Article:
Adventures in Dating
You know it and we know it: There's no such thing as a perfect relationship. Every couple has a few issues they need to work through. Meet Jack and Sarah, a real-life couple with a real-life dating dilemma. We'll offer some advice to help them build a better relationship.
She's Always Busy!
Sarah is involved in a million things: choir, church, leadership councils, and, of course, school. Sometimes it seems like she doesn't have any time left for me.
Even when Sarah and I are together, other things are always coming up. One day when we were eating dinner, she suddenly remembered she had to call someone and jumped up from the table. I didn't see her again for 15 minutes. Other times, when she doesn't physically leave, I can tell her mind is somewhere else. I'll ask, "How was your day?" and she'll say, "Fine," but I can tell from the tone of her voice that she's not really paying attention to me.
It's not like I want Sarah to drop everything else in her life. But when I see how much time other couples spend together, it kind of makes me feel left out. I want to ask Sarah, "Why can't you just stop for a while and hang out with me?"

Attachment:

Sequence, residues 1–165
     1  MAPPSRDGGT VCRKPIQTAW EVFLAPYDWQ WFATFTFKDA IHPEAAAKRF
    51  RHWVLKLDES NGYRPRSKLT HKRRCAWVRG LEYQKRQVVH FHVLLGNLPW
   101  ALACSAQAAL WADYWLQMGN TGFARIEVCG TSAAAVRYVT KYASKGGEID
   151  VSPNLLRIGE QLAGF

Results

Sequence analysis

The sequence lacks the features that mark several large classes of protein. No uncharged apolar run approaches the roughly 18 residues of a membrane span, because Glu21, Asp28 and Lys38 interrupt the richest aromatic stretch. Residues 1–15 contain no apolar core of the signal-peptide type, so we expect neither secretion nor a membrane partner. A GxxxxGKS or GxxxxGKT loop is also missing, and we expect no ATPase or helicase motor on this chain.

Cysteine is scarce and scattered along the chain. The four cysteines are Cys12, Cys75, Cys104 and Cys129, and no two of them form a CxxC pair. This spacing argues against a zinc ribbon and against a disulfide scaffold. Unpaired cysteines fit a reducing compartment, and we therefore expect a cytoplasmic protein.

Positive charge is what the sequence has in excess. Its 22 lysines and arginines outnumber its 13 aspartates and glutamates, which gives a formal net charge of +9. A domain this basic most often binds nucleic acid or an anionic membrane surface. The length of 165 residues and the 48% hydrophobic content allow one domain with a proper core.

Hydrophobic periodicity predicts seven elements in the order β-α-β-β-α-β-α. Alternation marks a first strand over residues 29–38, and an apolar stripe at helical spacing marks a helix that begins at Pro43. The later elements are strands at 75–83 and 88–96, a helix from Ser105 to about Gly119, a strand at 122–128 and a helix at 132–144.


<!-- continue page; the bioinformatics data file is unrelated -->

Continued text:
He's Never Available!
I admit that I'm busy. But it's not like I have no free time at all. And when I'm free, I totally want to spend time with Jack—which would be a lot easier if he was ever available when I called.
Jack's not involved in as many activities as I am, but he studies a lot more than I do. It's not unusual for him to study five hours for an exam, on top of the rest of his homework. Grades are really important to him, and I'm fine with that. What frustrates me is that his study time is always the same as my free time.
I don't have much control over when I'm busy. When the choir's practicing, I have to be there. I don't get to choose when stuff like that happens. Jack does get to choose when he studies, and he usually chooses to do it after he's spent a few hours relaxing with his buds. So he's got time for them—where's the time for me?
This doesn't sound like a busyness problem so much as a scheduling problem. Jack and Sarah both have free time to spend together. They just have to work it out so they'll have free time at the same time. And they need to make some minor adjustments in how they relate to each other.
Since Sarah's days are full of scheduled events like meetings and practices, she knows ahead of time when she'll be available to hang out. But she can't expect Jack to memorize her Day-Timer; she needs to let him know where she's going to be and when. She could make it a point to touch base with him every few days to let him know what's coming up. Or she could even give him a copy of her standard weekly schedule so he'd be able to plan as far ahead as she does.
Sarah's mind-wandering habit might be tougher to change. Busy people like Sarah can get so intense that "little" things like conversation get shoved aside. But when Sarah's with Jack, she needs to focus on Jack, not on the five items she still hasn't checked off her to-do list. If she absolutely has to interrupt their time together, she needs to consider his feelings and make sure he knows he's important, too.